Waterman Memorial

On Sunday, May 1, in Burlingame CA, Tom spoke at the memorial service for his In Search of Excellence coauthor and great friend, Bob Waterman. Bob died on January 2, 2022. Here are Tom’s remarks:

Bob’s resume goes on for pages pointing out the important contributions he has made to his community—and the world as a whole. My principal connection with Bob, however, was a single activity. And it was a defining activity.

In 1982, Bob and I coauthored a book for which the publisher signaled his measly expectations with what he deemed an optimistic first printing of 5,000. We did a bit better than that. The first year was marked by 44 printings, sales of 1,300,000, and was the #1 New York Times non-fiction bestseller virtually every week of the year—to the point that People Magazine, in its year-end issue, called In Search “The Phenomenon of 1983. Tom Peters and Bob Waterman searched for excellence and created a business bible.” As for the impact on Bob and me, it was, time and again “Oh, you’re the excellence guy!” Life was never to be the same!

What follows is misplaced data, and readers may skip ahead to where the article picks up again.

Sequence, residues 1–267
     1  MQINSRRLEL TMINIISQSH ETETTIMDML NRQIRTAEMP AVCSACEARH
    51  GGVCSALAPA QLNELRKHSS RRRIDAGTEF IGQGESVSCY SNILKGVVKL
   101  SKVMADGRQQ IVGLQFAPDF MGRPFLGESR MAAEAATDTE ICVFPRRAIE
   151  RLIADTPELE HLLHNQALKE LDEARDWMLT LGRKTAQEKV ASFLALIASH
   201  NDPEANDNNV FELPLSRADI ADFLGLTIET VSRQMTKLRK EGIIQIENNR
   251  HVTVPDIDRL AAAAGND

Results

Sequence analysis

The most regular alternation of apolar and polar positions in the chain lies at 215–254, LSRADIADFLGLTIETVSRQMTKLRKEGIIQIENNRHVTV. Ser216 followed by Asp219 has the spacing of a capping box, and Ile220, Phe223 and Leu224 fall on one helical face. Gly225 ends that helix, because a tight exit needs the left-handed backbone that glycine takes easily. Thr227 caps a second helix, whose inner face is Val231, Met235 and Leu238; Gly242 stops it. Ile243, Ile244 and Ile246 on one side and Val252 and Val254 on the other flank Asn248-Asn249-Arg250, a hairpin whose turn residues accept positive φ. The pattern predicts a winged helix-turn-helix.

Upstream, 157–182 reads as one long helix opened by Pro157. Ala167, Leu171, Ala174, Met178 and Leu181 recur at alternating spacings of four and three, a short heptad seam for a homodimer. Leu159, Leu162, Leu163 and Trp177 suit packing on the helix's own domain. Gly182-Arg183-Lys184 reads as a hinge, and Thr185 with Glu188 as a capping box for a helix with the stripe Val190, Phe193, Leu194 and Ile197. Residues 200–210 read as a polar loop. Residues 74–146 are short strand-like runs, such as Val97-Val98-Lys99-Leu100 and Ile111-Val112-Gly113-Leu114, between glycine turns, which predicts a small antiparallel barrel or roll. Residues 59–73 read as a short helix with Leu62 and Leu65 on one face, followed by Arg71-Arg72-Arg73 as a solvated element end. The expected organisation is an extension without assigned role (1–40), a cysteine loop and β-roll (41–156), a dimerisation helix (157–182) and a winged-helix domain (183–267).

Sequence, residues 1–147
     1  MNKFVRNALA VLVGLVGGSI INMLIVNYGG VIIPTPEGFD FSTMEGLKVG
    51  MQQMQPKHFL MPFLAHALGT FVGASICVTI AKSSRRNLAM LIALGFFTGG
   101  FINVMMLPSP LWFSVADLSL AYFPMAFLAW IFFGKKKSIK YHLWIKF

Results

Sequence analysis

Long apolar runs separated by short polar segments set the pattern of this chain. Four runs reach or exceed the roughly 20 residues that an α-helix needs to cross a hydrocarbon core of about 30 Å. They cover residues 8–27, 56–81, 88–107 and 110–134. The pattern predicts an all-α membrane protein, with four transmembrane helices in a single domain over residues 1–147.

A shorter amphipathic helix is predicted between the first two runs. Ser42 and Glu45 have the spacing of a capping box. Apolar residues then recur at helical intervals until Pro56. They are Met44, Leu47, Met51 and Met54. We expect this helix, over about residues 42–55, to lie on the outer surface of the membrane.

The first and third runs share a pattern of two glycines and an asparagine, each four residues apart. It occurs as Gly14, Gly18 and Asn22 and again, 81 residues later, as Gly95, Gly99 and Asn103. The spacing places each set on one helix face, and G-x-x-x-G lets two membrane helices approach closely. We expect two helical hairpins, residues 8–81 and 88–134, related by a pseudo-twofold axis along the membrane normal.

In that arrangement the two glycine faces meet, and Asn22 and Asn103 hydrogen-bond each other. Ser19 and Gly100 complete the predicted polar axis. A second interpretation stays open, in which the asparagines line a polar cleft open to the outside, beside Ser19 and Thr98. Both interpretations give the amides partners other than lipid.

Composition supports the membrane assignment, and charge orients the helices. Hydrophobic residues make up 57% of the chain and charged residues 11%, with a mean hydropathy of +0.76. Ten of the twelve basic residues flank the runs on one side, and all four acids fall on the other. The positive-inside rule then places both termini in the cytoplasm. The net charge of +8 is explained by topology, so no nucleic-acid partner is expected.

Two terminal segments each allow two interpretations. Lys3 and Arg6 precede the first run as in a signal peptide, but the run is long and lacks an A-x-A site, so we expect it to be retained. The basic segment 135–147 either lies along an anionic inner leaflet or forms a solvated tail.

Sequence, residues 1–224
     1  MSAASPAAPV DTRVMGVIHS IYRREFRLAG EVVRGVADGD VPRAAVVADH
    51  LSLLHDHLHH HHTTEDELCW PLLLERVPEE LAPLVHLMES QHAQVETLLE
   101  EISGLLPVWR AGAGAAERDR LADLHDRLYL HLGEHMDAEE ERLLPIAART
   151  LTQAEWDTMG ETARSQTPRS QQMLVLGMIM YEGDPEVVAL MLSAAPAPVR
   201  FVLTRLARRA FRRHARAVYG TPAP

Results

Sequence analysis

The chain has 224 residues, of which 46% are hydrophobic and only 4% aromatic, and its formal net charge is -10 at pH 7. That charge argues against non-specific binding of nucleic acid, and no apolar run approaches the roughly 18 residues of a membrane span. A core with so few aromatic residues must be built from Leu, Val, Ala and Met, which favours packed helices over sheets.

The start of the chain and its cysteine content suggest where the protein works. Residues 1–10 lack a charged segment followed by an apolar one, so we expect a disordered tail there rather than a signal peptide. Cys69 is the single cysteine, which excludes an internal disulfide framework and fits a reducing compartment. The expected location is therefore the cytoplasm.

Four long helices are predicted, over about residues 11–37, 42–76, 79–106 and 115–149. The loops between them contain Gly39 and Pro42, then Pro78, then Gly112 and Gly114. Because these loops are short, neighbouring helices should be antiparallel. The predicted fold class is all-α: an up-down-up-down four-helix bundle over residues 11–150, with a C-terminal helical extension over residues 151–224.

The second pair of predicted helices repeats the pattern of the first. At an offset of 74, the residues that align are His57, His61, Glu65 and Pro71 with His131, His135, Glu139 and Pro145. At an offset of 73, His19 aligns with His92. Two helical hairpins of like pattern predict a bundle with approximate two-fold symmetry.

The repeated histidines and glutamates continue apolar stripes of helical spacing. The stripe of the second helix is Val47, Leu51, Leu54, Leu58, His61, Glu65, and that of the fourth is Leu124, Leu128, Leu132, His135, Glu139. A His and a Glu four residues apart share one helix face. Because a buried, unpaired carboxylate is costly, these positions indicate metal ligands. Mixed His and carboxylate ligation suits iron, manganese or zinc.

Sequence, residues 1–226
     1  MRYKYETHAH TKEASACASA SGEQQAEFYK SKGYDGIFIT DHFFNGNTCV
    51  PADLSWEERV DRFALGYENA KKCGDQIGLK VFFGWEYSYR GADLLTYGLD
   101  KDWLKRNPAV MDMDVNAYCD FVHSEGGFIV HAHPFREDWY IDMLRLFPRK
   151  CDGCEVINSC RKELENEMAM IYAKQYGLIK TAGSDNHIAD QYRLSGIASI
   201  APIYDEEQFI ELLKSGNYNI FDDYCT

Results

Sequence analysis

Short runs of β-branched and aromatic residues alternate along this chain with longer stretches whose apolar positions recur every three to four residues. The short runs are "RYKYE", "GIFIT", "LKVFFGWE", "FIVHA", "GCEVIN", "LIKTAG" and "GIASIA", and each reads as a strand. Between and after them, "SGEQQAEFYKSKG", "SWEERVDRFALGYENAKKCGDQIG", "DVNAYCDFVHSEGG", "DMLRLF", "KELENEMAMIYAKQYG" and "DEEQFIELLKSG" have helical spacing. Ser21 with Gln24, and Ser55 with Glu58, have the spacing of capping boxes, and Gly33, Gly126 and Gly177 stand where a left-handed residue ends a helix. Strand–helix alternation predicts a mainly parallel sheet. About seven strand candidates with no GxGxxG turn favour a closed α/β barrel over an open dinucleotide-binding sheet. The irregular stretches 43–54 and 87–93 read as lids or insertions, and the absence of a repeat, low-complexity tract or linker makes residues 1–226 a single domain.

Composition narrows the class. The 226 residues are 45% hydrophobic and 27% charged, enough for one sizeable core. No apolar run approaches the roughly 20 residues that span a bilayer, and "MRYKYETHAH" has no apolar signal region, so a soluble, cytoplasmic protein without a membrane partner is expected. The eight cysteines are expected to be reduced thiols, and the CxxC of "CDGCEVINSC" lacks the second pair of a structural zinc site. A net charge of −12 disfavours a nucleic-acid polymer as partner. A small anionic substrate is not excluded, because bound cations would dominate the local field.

Bob and I were, on the one hand, cut from the same cloth. We were both trained as engineers, both earned MBAs from Stanford, both labored at McKinsey’s San Francisco office. But we were also very different. I was noisy in person and in print, profane, opinionated to a fault, longwinded and verbose. Bob was calm, measured, thoughtful, succinct, and only opened his mouth when he had something of significance to say.

Blending those differences and I reflected deeply on this, is what in the end distinguished the book. After Bob had done a massive re-write—I might add, on his spanking new Apple II—of an early draft of mine which ran to 1,000+ pages [1,400, actually], I thought he’d cut the best material and damped the raging fire that was my trademark. But I subsequently concluded that the ceaseless back-and-forth, the blending of the noisy and the calm, in retrospect enabled the book to find a sweet spot and to viscerally connect with the living breathing business- or non-business reader and the woman or man on the street. In Search of Excellence challenged her and him directly and powerfully, but not by whacking them over the head with a splintery two by four.